A New Masterpiece in Fantasy Terror: Wes Craven’s A Nightmare on Elm Street

By Christian Gay

Wes Craven’s classic A Nightmare on Elm Street (1984) is a masterful and horrific exploration of the surreal world of dreams, which also introduced the world to an iconic slasher villain: Freddy Krueger. Krueger and the film’s premise terrified me as a child growing up in the 80s, long before I ever sat through a screening. Now, having seen the film many times, it’s evident that its wealth of bloodcurdling imagery and symbolism could keep a psychoanalyst or film critic busy for days. In this most recent viewing, I found myself preoccupied with subjectivity in the film— which scenes are meant to occur in the dream world and which are real? Whose dreams are whose? Are we to believe the film’s ingénue?, Nancy, in her final confrontation with Freddy, when she realizes that “this was all a dream”—presumably her dream?

This hypothesis presents the opportunity for an interesting and somewhat queer interpretation of the film: as a symbolic battle between Nancy and her latent lesbian desires. The film opens with a sequence that features teenaged Tina roaming wet, steamy hallways clothed only in a sheer nightgown. The makeup, costuming, and camerawork all work to portray Tina here at the outset in an attractive light. She is terrorized by a largely unseen presence, before she wakes up to discover the aforementioned nightie has been torn to shreds. If we are to believe Nancy’s assertion late in the film that the entire narrative is her dream, then what if this first terrifying, but also somewhat erotic, dream sequence is Nancy’s and not Tina’s?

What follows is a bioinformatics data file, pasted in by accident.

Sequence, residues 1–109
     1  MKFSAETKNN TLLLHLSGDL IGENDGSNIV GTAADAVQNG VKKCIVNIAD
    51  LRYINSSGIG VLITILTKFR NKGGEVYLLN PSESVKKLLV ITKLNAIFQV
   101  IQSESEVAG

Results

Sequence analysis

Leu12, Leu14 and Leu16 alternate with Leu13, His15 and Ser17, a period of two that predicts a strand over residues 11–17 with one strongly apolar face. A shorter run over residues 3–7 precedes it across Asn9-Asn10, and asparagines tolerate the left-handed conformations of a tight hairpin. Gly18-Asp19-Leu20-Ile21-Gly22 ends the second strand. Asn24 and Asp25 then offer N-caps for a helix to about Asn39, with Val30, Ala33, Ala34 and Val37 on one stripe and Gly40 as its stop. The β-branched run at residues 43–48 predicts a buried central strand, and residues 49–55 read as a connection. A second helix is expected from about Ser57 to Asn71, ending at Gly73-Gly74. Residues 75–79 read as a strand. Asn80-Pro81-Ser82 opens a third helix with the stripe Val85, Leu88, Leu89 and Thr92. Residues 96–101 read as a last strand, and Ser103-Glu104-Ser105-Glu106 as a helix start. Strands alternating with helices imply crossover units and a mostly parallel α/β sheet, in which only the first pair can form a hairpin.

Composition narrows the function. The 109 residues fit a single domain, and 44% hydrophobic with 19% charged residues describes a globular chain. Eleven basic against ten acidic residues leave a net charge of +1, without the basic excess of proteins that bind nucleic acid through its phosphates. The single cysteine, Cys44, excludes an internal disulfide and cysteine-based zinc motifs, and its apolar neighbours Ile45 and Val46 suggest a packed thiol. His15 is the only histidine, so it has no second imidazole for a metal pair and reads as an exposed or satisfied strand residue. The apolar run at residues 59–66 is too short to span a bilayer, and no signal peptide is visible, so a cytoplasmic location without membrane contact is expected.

Next we see Tina discussing her dream with , Nancy Thompson, and their schoolmates Rod and Gabe (Johnny Depp, in his first lead film role). When her mother leaves with her boyfriend for Las Vegas, Tina invites Nancy over to her house for “a sleepover date.” Gabe makes up an alibi for his parents and tags along, but his presence with the girls seems non-threatening and platonic. His romantic gestures and benign advances on Nancy are rebuffed. “We’re not here for us,” Nancy reminds Gabe, implying that they are only sleeping over to accompany and safeguard Tina. Gabe and Tina’s chaste relationship is in stark contrast to Tina and Rod’s. When Rod surprises the three of them by showing up, Tina lies to say her parents are home, ostensibly to keep Rod from imposing. Rod presses Tina to let him in the house, and immediately drags her off to her mother’s bed. We then see Gabe lying alone on the couch downstairs at 2am, kept awake by the loud sounds of Tina and Rod having sex. Frustrated by being sexually ignored by Nancy, Gabe announces, “morality sucks.”

Meanwhile, after they have sex upstairs, Rod mentions to Tina that he’s had nightmares, too—but the film never suggests that we enter the world of Rod or Gabe’s dreams. Tina and Rod go to sleep, and we cut to Nancy, alone in bed, restless. Her crucifix pops off the wall above her head, and she grips it tight. Clearly uninterested in Gabe sexually, could Nancy be angry at and jealous of Rod, who has interrupted her sleepover date with Tina? Could she feel betrayed by Tina, who asked for her protection from the “madman” Rod, then slept with him? Could she be clinging to her crucifix to suppress any prurient, un-Christian desires ? Nancy’s imagination is certainly hard at work. While she lies in bed, we see a figure struggling to emerge from the wallpaper above her head. Could this hidden figure struggling to emerge perhaps represent Nancy’s id? What if we view Freddy Krueger as Nancy’s sinister alter-ego, representing her subconscious desires, including a sexual attraction to her friend Tina? Is his violent menace the threat of her repressed homosexuality, her subconscious wish to punish herself and others when these desires surface or are rebuked?